Digital Wellbeing

Digital Wellbeing refers to a period of time during which a person refrains from using electronic connecting devices such as smartphones and computers.  It is regarded as an opportunity to reduce stress, focus more on social interaction and connection with nature in the physical world

In one study in Mind, 95% of those interviewed said their mood improved after putting down their phones to spend time outside, changing from depressed, stressed, and anxious to calmer and more balanced.

What’s the first thing you do when you wake up? For most, it’s picking up your smartphone before you even get out of bed. If you do grab your phone first thing, you’re not alone.

A study from Report Linker revealed that 66% of millennials and 46% of all adults in the US check their phones first thing upon waking up. Some 93% of people sleep with their phones within arm’s reach, and nearly 10% tuck the devices under their pillows, according to Asurion.

It’s said that around 50% of smartphone users check their account 5 minutes prior to going to bed and within 5 minutes post waking up.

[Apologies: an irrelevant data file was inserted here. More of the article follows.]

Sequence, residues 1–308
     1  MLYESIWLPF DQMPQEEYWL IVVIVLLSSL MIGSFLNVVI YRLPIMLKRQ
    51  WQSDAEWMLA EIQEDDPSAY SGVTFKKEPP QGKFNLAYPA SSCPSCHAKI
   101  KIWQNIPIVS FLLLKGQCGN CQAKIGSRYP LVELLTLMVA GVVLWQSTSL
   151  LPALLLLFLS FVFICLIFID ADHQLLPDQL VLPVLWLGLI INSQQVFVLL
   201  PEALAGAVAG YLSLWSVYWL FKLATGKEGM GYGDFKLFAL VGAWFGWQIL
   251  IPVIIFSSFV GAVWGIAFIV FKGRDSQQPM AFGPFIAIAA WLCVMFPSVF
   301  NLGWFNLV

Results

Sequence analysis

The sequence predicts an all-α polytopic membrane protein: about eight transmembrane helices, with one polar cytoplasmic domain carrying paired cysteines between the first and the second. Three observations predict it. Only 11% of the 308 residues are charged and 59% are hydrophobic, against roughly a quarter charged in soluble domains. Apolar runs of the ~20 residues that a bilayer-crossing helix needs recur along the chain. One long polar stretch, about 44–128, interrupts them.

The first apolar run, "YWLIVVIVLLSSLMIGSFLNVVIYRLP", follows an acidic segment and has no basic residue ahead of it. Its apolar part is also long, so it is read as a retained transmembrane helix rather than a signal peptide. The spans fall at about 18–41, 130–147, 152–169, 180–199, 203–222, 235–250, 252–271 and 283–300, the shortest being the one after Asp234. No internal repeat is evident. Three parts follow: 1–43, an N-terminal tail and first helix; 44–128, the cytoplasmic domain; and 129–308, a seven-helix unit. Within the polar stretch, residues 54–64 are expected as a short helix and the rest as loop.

Asurion found that Americans on vacation check their phone an average of 80 times a day.

How much do you love your smartphone? Chances are, the answer is too much, right? We all want to spend less time looking at screens, and more time having real-life experiences.

Big tech companies are recognizing the need to minimize screen time.

Apple’s iOS 12 update included a new feature called Screen Time, which gives you a wealth of data about your iPhone and iPad usage, breaking down the amount of time you spent in each individual app on your device. There’s also App Limits, which let you set a daily allotment of time for a particular app or for an entire category of apps, like social media, productivity, or entertainment. Once it runs out, iOS will gray out the icon and display a full-screen banner telling you you’ve reached your time limit.

Android phone users have a setting called Digital Wellbeing, which is pretty similar to Screen Time.

The main difference between the two features is that you can basically press a button to ignore it on iOS, but on Android, you have to manually remove the limit, which is way more annoying.

Oftentimes, we may find ourselves head down staring into our phones or quickly typing up an email while in a conversation with someone. We are not paying full attention to anyone outside of our phones. By taking a digital detox, it allows us to be more present and to recharge. Having face-to-face interactions is important for our emotional well-being and having extra quiet time may allow us to think, relax and reflect.           

Sources

https://www.techrepublic.com/article/new-year-new-habits-how-to-digitally-detox-from-your-smartphone/

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